Build It Now

Build It Now: Socialism for the Twenty-First Century

Michael A. Lebowitz
Copyright Date: 2006
Published by: NYU Press,
Pages: 128
https://www.jstor.org/stable/j.ctt13x0ptn
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  • Book Info
    Build It Now
    Book Description:

    Build It Nowputs forward a clear and innovative vision of a socialist future, and at the same time shows how concrete steps can be taken to make that vision a reality. It shows how the understanding of capitalism can itself become a political act-a defense of the real needs of human beings against the ongoing advance of capitalist profit.

    Throughout the book, Lebowitz addresses the concerns of people engaged in struggle to create a better world, but aware that this struggle must be informed by the realities of the twenty-first century. Many chapters of the book began life as addresses to worker organizations in Venezuela, where worker self-management is on the agenda. Written by an eminent academic, this is far more than an academic treatise. The book brings an internationalist outlook and vast knowledge of global trends to bear on concrete efforts to transform contemporary society.

    Build It Nowis a testament to the ongoing vitality of the Marxist tradition, drawing on its deep resources of analytical insight and moral passion and fusing them into an essential guide to the struggles of our time.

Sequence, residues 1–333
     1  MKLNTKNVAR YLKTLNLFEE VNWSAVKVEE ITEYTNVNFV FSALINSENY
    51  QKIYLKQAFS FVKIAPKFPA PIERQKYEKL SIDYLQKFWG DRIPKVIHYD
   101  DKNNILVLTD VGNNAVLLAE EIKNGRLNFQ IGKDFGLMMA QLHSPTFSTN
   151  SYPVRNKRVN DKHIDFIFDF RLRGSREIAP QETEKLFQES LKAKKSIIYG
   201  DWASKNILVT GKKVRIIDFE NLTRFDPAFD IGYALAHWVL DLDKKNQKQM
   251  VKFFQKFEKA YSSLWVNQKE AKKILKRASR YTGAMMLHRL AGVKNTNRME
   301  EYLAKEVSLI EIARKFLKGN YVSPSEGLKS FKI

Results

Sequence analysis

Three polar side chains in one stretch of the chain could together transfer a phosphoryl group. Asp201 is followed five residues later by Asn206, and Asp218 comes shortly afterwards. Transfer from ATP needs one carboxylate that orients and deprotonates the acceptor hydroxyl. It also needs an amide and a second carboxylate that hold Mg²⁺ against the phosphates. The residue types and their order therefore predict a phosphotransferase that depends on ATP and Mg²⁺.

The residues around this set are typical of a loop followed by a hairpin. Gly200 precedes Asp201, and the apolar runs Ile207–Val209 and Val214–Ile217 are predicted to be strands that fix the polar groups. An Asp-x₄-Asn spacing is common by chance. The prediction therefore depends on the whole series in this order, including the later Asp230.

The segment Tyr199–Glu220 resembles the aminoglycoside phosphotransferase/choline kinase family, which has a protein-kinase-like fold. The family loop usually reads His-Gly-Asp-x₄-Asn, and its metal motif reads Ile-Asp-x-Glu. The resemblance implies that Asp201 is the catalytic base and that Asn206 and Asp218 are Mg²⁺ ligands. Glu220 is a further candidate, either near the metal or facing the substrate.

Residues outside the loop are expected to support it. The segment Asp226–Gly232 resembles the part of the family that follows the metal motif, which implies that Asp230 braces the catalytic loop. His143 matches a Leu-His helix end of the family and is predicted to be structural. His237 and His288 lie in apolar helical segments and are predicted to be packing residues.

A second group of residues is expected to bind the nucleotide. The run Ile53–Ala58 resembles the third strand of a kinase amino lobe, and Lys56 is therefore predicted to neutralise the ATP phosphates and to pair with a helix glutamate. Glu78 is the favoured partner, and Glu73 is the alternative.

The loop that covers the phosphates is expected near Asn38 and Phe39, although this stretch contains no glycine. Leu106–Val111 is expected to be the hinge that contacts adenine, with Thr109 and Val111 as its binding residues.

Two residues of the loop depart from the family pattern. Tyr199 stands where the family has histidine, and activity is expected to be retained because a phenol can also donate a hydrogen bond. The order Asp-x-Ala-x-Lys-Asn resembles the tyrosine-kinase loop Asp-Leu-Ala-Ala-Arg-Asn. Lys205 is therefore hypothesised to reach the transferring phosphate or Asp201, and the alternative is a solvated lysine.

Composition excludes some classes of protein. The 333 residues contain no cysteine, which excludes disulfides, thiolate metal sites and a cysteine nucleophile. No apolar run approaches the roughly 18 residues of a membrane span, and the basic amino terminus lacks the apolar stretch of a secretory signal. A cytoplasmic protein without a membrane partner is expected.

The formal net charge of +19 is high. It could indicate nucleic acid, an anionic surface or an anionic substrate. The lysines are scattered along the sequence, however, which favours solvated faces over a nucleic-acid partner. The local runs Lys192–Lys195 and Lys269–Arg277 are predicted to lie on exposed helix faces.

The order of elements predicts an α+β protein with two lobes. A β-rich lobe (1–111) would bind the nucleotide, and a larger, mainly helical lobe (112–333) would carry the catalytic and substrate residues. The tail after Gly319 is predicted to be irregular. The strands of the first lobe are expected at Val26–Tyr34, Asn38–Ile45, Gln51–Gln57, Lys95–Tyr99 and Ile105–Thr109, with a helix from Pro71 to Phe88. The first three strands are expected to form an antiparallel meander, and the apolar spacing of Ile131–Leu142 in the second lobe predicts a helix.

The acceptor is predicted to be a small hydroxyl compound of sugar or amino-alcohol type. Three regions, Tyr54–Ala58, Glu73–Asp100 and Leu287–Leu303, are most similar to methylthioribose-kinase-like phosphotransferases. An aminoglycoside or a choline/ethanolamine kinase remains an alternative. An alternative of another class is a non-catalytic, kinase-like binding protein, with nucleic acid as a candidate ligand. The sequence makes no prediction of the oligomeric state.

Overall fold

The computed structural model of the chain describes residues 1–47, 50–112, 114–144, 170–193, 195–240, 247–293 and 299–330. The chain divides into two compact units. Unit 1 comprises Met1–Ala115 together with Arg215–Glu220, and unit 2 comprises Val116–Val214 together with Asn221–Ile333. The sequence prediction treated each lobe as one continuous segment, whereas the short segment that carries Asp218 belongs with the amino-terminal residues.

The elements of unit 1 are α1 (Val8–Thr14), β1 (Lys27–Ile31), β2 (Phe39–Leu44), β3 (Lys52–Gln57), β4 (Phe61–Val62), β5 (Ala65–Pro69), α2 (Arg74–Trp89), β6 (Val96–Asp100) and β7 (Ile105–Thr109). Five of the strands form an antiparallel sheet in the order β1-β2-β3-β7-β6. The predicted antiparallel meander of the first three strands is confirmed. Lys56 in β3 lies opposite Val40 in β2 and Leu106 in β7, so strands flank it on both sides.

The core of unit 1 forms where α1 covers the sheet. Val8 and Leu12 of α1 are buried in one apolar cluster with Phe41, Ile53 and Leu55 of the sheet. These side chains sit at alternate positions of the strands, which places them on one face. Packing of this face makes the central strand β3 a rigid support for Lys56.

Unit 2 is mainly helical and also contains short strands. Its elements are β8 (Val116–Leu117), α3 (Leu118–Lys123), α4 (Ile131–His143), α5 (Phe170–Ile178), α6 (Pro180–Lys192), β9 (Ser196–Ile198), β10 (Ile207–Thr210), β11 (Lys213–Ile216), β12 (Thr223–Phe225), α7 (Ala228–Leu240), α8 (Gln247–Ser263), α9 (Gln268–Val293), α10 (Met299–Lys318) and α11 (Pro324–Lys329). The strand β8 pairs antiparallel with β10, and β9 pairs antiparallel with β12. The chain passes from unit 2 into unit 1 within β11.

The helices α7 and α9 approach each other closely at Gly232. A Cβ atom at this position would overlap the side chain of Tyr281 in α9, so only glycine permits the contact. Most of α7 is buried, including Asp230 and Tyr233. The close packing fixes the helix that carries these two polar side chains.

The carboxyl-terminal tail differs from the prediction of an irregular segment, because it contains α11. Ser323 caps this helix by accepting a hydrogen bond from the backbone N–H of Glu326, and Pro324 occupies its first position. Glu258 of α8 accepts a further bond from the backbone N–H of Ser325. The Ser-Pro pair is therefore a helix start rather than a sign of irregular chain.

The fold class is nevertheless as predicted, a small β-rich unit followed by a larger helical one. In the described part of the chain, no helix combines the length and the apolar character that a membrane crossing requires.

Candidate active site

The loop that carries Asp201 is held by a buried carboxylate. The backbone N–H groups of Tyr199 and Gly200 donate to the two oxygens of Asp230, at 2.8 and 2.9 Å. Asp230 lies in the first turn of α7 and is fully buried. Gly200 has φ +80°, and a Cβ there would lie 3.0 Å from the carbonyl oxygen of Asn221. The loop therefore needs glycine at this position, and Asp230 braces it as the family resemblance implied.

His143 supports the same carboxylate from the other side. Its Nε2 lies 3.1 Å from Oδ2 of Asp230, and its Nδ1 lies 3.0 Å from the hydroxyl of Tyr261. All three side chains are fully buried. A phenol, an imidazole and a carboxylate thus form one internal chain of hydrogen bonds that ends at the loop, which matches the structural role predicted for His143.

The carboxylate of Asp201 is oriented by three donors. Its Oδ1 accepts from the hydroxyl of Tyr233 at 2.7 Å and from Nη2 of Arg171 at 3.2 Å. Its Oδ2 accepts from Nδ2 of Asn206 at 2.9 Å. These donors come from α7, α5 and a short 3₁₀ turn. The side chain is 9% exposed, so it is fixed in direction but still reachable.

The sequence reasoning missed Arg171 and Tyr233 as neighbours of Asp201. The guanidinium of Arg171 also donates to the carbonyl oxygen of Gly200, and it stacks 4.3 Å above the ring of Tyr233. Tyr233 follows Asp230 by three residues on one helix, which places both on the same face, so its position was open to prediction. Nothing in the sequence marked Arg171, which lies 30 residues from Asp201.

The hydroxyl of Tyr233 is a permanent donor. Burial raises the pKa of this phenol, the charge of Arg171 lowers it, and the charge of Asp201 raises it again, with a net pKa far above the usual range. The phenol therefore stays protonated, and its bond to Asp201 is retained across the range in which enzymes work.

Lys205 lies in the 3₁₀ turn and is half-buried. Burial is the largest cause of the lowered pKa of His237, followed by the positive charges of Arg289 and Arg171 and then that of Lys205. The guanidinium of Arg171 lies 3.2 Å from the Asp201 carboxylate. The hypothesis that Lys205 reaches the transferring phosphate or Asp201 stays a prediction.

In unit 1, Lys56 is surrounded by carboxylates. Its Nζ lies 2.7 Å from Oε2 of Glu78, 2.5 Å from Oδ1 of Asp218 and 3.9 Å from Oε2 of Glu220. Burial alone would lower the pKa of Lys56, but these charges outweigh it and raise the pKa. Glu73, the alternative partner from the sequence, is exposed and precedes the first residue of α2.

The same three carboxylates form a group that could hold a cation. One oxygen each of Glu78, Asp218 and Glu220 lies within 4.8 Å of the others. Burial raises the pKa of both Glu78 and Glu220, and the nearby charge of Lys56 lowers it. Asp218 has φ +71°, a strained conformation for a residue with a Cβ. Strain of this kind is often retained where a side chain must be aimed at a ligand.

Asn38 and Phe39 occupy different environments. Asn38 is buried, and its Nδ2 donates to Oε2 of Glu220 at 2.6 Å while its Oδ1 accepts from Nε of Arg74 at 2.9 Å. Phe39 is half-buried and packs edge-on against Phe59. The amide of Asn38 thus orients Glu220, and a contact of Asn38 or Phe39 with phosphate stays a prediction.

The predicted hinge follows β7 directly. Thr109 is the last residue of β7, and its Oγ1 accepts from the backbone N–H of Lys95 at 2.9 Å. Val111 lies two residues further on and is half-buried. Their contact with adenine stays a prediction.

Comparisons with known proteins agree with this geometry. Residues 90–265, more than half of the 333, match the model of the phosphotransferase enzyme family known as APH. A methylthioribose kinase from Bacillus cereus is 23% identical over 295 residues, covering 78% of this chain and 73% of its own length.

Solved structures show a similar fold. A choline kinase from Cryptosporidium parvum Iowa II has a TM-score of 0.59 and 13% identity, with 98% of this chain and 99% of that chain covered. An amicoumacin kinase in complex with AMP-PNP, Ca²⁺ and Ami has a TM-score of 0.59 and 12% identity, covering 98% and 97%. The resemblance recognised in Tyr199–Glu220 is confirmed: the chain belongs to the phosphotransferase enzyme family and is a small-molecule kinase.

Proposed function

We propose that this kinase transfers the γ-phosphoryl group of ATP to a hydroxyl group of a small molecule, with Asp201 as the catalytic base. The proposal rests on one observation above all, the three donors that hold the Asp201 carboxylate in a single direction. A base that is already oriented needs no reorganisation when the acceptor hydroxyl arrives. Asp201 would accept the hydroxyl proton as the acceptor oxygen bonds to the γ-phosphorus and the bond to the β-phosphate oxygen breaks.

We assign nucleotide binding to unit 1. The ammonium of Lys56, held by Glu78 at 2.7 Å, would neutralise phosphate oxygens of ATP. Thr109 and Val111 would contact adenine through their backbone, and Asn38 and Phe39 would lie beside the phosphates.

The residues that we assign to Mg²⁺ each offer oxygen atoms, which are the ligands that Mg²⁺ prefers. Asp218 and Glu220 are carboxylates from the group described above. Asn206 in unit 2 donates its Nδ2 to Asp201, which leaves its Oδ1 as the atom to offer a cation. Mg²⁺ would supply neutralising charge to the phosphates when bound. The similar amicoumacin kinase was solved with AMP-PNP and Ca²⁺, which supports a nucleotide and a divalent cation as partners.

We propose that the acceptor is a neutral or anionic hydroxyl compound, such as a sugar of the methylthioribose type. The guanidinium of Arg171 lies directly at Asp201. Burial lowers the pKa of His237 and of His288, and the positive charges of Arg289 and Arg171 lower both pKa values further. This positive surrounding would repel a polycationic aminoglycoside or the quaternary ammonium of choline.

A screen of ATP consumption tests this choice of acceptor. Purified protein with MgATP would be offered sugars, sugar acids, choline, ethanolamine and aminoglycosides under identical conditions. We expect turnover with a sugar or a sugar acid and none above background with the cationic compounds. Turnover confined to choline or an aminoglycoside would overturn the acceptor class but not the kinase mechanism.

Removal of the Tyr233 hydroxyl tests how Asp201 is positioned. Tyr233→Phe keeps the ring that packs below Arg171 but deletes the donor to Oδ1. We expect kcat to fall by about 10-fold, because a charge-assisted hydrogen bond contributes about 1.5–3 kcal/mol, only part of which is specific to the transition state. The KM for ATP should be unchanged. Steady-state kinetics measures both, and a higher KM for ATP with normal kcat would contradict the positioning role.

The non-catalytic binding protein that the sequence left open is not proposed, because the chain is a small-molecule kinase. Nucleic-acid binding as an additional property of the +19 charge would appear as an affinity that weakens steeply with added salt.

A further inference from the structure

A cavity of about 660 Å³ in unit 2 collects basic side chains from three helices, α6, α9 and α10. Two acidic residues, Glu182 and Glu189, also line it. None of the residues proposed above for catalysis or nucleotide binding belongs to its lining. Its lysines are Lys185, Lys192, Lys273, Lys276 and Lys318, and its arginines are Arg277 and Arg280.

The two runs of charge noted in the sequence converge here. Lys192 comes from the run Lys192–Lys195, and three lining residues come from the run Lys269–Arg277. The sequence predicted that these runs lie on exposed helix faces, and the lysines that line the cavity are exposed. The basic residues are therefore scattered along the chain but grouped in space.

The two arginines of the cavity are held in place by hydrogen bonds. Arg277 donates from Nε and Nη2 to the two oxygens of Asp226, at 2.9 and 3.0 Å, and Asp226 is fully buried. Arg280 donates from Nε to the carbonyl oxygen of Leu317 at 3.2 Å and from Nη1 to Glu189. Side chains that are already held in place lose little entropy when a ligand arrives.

eISBN: 978-1-58367-511-3
    Subjects: Political Science

Table of Contents

  1. Front Matter
    (pp. 1-4)
  2. Table of Contents
    (pp. 5-8)
  3. Introduction
    (pp. 9-12)

    The nature of capitalism, Marx once noted, comes to the surface in a crisis. Then, it is possible to see some things that were hidden—that the whole system revolves around profits and not human needs. Yet, we see every day what capitalism produces. The blatant waste in advertising, the destruction of the planet, the starvation of children alongside the obscene salaries of professional athletes, the despotic workplace and the treatment of human beings as so much garbage, the coexistence of unused resources, unemployed people and people with unmet needs—these are not accidents in the world of capitalism. Things...

  4. 1 The Needs of Capital Versus the Needs of Human Beings
    (pp. 13-30)

    Like other early nineteenth-century socialists, Karl Marx’s vision of the good society was one that would unleash the full development of all human potential.¹ “What is the aim of the Communists?” asked Marx’s comrade Friedrich Engels in his early draft of theCommunist Manifesto. “To organize society in such a way that every member of it can develop and use all his capabilities and powers in complete freedom and without thereby infringing the basic conditions of this society.” In Marx’s final version of theManifesto, that new society appears as an “association, in which the free development of each is...

  5. 2 Ideology and Economic Development
    (pp. 31-42)

    Economic theory is not neutral, and the results when it is applied owe much to the implicit and explicit assumptions embedded in a particular theory.¹ That such assumptions reflect specific ideologies is most obvious in the case of the neoclassical economics that underlies neoliberal economic policies.

    Neoclassical economics begins with the premises of private property and self-interest. Whatever the structure and distribution of property rights, it assumes the right of owners—whether as owners of land, means of production, or the capacity to perform labor—to follow their self-interest. In short, neither the interests of the community as such nor...